The two actors met while in preparation for the 1951 film A Place in the Sun, in which their perfect chemistry comes across in full force. At the time, Taylor was reportedly romantically interested in Clift, but had no clue that he was secretly gay. Still, there was an undeniable connection between them.
Clift really saw Taylor more for who she was as a person rather than an object of physical beauty. This was the foundation for an intense friendship that would last until Clift’s tragic death at the age of 45. In fact, they were so close that there were always rumors that the two of them had been intimate behind closed doors.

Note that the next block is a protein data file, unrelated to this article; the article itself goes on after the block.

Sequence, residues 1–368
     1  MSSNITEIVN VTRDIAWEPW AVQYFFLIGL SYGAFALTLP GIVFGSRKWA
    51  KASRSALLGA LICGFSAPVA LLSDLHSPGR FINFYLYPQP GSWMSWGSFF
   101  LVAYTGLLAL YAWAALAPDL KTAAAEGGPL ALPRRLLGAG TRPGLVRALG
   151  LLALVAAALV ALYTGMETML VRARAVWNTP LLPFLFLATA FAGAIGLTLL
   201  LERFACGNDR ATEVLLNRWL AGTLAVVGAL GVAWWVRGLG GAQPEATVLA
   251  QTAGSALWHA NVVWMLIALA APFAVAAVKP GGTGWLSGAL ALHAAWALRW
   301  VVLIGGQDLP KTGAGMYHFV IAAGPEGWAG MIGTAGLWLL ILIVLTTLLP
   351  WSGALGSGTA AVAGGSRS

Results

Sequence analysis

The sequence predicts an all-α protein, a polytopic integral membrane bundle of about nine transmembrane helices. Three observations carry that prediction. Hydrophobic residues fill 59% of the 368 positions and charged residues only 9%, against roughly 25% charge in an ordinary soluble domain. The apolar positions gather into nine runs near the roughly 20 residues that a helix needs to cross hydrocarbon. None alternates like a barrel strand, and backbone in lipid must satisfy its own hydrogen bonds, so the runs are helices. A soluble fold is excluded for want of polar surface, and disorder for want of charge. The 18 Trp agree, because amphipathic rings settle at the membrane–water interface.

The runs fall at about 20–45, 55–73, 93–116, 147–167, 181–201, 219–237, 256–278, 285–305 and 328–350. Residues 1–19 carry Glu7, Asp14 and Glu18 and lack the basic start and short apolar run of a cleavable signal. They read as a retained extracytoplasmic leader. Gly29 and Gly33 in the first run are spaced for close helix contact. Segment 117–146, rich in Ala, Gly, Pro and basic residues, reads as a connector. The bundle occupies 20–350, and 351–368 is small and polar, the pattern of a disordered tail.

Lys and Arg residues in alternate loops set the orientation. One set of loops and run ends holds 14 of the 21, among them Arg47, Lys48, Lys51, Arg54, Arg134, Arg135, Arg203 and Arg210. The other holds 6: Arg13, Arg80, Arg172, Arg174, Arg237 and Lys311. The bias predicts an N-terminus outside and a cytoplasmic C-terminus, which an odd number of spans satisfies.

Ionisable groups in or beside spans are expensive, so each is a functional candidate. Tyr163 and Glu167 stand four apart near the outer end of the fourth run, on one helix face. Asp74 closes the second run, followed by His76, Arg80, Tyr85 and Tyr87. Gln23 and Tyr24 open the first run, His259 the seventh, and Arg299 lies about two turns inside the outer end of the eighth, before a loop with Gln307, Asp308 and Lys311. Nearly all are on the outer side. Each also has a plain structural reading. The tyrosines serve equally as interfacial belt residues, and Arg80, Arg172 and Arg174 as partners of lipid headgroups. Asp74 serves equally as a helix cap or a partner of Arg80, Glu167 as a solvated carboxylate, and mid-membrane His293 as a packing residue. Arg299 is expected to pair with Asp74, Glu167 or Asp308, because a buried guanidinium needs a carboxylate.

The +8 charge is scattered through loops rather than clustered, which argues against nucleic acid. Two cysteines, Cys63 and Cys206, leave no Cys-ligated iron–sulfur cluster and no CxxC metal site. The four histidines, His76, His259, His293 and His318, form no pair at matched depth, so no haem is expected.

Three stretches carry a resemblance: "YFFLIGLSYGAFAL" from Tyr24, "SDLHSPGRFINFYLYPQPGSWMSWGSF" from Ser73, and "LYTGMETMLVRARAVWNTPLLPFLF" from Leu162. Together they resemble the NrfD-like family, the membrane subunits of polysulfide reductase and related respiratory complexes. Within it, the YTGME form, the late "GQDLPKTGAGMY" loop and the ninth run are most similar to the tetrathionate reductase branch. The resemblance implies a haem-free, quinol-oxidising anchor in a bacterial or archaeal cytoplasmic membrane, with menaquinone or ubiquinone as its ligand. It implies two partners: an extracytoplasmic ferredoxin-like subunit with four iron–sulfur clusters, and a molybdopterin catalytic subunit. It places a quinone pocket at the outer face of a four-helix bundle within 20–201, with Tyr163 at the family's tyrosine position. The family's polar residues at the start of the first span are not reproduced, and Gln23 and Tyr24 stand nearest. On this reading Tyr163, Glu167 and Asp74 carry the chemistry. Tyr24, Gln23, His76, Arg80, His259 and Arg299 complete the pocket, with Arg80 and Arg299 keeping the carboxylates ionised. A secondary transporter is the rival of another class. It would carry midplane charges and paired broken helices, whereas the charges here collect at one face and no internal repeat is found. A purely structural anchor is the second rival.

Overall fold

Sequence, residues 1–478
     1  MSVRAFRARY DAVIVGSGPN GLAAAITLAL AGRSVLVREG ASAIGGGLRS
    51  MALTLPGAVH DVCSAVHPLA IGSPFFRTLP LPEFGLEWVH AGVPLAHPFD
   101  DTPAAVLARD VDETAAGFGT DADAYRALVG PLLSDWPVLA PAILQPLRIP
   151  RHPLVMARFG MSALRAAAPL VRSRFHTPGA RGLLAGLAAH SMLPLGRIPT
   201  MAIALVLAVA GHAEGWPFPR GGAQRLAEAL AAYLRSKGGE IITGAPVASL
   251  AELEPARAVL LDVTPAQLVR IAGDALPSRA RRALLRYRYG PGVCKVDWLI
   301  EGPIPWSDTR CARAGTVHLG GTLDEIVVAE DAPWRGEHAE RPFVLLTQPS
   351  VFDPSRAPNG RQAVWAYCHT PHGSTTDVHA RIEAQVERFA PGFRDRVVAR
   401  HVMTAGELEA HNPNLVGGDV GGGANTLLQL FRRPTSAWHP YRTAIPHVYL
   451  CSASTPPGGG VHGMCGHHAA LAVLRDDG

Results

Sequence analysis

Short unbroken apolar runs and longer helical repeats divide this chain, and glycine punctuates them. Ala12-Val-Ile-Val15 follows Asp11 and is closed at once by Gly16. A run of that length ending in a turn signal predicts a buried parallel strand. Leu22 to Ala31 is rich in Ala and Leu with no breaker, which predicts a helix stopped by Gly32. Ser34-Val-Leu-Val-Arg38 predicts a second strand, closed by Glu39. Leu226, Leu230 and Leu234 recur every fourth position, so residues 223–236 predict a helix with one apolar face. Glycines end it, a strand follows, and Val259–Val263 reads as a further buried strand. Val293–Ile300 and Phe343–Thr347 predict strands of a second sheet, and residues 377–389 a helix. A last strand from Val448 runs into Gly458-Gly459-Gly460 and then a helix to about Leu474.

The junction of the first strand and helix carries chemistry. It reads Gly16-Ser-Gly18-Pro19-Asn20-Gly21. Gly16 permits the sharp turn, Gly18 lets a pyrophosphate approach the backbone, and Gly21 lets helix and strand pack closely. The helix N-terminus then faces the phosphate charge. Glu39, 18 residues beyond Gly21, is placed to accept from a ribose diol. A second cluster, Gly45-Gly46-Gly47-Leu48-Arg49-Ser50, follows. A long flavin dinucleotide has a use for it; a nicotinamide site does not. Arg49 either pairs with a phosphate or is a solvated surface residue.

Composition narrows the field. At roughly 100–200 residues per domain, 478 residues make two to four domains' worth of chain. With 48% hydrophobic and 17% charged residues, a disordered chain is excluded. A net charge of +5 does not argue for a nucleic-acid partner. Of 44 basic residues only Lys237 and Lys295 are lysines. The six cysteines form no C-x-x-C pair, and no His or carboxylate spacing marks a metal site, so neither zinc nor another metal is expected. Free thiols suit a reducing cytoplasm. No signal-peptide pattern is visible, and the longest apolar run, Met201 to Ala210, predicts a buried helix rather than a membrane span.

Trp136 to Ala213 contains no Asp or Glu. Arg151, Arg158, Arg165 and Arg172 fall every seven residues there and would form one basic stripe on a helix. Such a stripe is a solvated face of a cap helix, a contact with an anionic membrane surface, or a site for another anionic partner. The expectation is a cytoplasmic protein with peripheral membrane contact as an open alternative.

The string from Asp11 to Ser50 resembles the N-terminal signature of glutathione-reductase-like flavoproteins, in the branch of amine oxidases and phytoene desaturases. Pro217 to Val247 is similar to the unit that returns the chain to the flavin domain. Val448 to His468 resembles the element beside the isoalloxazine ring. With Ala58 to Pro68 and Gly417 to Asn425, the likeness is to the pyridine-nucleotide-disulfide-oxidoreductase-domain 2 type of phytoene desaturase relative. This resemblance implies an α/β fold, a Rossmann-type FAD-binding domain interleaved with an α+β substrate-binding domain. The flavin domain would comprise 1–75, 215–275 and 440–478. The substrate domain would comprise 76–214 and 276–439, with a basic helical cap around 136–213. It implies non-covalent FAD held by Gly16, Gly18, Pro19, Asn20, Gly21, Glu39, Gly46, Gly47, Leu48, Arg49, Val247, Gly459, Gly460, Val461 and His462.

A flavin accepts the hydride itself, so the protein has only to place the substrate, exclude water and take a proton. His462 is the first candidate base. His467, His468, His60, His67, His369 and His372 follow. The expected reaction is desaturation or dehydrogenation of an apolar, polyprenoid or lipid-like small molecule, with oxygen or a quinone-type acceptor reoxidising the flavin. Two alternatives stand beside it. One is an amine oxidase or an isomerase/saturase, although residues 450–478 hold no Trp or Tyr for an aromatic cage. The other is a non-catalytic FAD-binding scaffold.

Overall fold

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Even Debbie Reynolds claimed in her memoir that she witnessed Taylor and Clift kissing, while others maintain that the two friends were genuine, platonic soulmates. In 1956, Taylor even saved Clift’s life when he got into a car accident after leaving one of her parties. According to reports, it was Taylor who scooped out his broken teeth from his windpipe and stopped him from choking.
She Never Forgot Him
After Clift died from a heart attack, Taylor told the press, “I lost my brother, my friend.” Despite his passing, Elizabeth Taylor continued to support Montgomery Clift. She was an outspoken LGBTQ+ ally, advocating for gay rights—and she certainly never forgot the hardships that her closest, queer friends endured.